Re: Union[{Pi, N[Pi]}]

• To: mathgroup at smc.vnet.net
• Subject: [mg12760] Re: [mg12739] Union[{Pi, N[Pi]}]
• From: Carl Woll <carlw at fermi.phys.washington.edu>
• Date: Wed, 10 Jun 1998 03:04:20 -0400
• Sender: owner-wri-mathgroup at wolfram.com

```Hi Mark,

The problem, I think, is that N always returns a machine precision
number when the precision is less than 16. Try the following:

v1 = 3.14159;
v2 = N[v1,3];
v1 === v2
InputForm[v2]
MachineNumberQ[v2]

and you will see that v1 and v2 are the same, and v2 is still a machine
precision number. So, if you want to work with arbitrary precision
numbers with precision less than 16, don't use the function N.

An alternative may be to use the function SetPrecision. For example,

Union[{3.14159,Pi},SameTest->SetPrecision[#1,3]===SetPrecision[#2,3]]
Union[SetPrecision[{3.14159,Pi},3],SameTest->SameQ]

return

{3.14159}
{3.14}

although

Union[SetPrecision[{3.14159,Pi},3]]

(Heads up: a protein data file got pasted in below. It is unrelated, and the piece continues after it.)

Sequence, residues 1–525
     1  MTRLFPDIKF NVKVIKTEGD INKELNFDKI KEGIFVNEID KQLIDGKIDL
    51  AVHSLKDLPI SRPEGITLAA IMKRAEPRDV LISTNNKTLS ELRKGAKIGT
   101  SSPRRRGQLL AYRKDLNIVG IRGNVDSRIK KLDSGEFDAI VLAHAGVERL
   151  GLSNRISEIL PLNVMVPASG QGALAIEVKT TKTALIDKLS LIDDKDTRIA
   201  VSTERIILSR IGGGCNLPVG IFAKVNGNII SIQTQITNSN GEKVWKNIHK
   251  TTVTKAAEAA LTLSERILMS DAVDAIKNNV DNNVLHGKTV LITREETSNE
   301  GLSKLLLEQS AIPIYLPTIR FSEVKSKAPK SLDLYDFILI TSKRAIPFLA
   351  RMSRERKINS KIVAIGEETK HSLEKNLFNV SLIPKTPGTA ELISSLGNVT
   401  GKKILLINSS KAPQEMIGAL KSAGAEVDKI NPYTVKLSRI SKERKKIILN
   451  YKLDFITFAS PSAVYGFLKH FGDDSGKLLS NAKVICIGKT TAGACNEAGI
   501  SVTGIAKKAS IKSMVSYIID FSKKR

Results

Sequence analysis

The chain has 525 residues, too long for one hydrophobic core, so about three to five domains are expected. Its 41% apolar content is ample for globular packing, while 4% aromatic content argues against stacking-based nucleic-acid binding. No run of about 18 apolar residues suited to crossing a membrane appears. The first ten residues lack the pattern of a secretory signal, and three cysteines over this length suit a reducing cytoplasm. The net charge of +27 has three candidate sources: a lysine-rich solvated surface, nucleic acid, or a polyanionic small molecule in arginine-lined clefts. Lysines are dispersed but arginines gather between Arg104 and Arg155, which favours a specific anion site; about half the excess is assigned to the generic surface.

returns

{3.14,3.14}

If you share some more details of your problem, someone may be able to
offer a better approach.

Carl Woll
Dept of Physics
U of Washington

On Fri, 5 Jun 1998, Mark C McClure wrote:

> We've seen the Union[{0,0.}] disscussion.  Here's a little variation
> which seems a little trickier.
>
> In:=
> N[{3.141592, Pi}, 3] // Union
>
> Out=
> {3.14,3.14}
>
>
> In:=
> Union[N[{3.141592, Pi},3] ,
> 	SameTest -> (N[#1,3] == N[#2,3]&)]
>
> Out=
> {3.14,3.14}
>
>
> In:=
> Union[{Pi, N[Pi]} // N]
>
> Out=
> {3.14159}
>
>
> The last one works works, but the first one represents my situation more
> accurately.
>
> --
> Mark McClure
> Department of Mathematics
> University of North Carolina at Asheville http://www.unca.edu/~mcmcclur/
> mcmcclur at bulldog.unca.edu
>

```

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